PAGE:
As the earliest and largest computer user in the nation, the government needed massive amounts of skilled technical workers, but because they were women, they were not seen as truly valuable. When the government introduced equal pay for its women employees in the mid 1950s, after a decades-long campaign by women labor unionists, the Machine Grades changed names—to “The Excluded Grades.” They were so named because they were explicitly excluded from the provisions of Equal Pay Act. The government contended that women had been doing this work for so long, and in such majority, that their lower wage was now the market rate for the job, even though there were higher male pay scales for the work on the books. Women were so concentrated in machine work that this exclusion meant the majority of women working for the government did not in fact get equal pay when “equal pay” was introduced.
By the time that the computer operator mentioned above trained her replacements, the prestige of computer work was starting to rise. But the work itself remained the same. Women began to lose out to men who had different titles and often were given management responsibilities in addition to technical work, not because women lacked technical skills but because they were seen as lacking in the ability, or suitability, to rise into management. As late as the 1980s the idea of a woman managing men was viewed by many men in management as unsavory and inappropriate.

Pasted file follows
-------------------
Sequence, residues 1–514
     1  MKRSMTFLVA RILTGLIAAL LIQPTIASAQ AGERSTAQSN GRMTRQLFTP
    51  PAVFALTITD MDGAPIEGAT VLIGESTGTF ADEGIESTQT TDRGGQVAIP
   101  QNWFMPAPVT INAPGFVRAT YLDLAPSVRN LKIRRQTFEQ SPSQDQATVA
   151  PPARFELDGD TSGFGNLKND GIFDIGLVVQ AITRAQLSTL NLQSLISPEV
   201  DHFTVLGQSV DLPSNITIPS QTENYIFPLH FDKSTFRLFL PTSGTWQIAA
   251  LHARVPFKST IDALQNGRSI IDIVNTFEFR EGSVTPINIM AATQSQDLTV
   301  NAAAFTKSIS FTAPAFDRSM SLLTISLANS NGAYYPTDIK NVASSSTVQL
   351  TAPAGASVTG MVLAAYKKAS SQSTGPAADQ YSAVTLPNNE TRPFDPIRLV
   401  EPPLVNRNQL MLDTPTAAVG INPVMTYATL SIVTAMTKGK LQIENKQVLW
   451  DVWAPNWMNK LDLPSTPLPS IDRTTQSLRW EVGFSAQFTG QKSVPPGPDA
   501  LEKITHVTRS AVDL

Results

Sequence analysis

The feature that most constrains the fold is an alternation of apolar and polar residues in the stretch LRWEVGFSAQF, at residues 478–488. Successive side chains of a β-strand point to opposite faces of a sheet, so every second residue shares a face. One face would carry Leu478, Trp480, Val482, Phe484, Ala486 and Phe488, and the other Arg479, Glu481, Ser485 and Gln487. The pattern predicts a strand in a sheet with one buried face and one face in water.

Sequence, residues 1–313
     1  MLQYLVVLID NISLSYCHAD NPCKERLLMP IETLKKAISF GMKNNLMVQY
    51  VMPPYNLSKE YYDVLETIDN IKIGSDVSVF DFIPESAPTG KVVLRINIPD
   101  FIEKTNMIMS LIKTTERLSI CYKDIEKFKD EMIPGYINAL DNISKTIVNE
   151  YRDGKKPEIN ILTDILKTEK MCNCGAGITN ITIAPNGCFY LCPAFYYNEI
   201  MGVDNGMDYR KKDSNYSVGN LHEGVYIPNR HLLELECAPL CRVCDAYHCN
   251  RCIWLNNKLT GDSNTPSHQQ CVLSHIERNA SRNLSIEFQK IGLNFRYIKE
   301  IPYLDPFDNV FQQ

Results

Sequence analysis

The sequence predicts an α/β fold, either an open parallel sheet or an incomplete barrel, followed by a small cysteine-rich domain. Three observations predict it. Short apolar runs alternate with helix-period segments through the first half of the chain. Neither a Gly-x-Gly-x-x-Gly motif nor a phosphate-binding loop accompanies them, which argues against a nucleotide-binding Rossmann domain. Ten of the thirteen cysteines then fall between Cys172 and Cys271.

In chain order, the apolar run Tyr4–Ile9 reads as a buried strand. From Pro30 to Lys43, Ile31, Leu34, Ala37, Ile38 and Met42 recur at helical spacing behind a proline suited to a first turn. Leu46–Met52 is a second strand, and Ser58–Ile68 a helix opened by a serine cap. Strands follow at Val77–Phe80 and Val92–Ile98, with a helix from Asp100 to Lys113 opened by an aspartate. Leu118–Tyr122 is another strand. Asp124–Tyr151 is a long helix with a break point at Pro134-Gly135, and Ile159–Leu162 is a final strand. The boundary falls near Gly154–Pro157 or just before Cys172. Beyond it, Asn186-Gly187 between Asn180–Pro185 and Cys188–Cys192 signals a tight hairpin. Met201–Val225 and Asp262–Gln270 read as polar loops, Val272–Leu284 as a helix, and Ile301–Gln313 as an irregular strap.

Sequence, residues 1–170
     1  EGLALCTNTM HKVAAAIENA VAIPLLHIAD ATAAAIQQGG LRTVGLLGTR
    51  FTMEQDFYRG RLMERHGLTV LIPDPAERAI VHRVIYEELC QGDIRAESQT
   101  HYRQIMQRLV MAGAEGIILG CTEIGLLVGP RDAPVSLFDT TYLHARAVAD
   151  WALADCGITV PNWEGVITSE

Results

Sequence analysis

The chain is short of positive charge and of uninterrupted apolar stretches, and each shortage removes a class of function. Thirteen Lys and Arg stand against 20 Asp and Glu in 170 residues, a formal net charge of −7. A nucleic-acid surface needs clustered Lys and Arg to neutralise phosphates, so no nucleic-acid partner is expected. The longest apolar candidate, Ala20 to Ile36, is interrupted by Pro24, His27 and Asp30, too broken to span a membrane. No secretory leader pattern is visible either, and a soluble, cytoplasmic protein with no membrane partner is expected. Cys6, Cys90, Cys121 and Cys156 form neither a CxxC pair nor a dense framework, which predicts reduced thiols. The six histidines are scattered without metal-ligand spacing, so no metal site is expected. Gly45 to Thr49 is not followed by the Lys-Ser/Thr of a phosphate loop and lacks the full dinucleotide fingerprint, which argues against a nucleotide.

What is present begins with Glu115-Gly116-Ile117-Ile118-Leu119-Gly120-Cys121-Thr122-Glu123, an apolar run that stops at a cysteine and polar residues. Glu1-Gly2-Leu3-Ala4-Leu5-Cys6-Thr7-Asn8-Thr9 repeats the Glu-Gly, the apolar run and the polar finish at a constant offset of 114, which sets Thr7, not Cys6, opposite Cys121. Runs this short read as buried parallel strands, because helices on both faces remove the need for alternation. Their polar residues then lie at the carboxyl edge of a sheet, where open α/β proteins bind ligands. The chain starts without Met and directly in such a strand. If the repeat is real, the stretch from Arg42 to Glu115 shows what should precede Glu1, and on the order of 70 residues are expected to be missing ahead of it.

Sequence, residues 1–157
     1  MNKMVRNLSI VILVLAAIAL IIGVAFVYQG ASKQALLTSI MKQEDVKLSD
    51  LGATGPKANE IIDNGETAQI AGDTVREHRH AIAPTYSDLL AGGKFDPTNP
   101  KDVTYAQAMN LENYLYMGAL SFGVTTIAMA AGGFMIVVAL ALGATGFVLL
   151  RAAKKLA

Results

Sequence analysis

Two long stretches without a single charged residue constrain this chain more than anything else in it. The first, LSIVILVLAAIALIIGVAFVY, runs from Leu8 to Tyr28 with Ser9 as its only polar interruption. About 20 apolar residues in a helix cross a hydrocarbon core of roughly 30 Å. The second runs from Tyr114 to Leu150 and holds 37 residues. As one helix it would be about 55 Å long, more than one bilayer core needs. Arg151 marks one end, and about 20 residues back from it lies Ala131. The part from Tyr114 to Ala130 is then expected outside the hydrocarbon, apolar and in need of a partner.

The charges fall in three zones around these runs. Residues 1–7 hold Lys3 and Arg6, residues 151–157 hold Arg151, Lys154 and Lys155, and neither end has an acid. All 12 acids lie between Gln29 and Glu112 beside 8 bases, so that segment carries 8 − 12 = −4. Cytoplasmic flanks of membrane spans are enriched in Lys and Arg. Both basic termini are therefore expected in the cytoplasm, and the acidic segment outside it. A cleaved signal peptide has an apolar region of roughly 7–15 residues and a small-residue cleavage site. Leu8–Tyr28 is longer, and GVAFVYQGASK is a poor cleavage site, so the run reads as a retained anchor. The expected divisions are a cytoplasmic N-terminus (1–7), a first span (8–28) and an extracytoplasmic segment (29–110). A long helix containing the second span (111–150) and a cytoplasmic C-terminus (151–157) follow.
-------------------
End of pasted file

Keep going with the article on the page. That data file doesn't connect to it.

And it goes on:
During the 1960s, the heyday of the mainframe era, this gendered replacement trend continued, with trained, technical women losing out to untrained, nontechnical men candidates. As computing professionalized, women remained largely untouched by the benefits of professionalization, until, that is, discarding the main technical workforce during a time of increasing computerization began to catch up with British government and industry. The sheer poor planning of starving a nascent field of the required skilled workers resulted in women gaining more ground, and more opportunities for higher-level work, in the mid-1960s at the height of the nation’s programmer labor shortage. Once that shortage subsided, however, the pattern of replacing qualified women with semi-qualified men continued, and it became institutionalized through a new class of “automatic data processing” grades in the Civil Service. By the 1970s, this had resulted not only in a dire high tech labor situation but also the implosion of the British computing industry.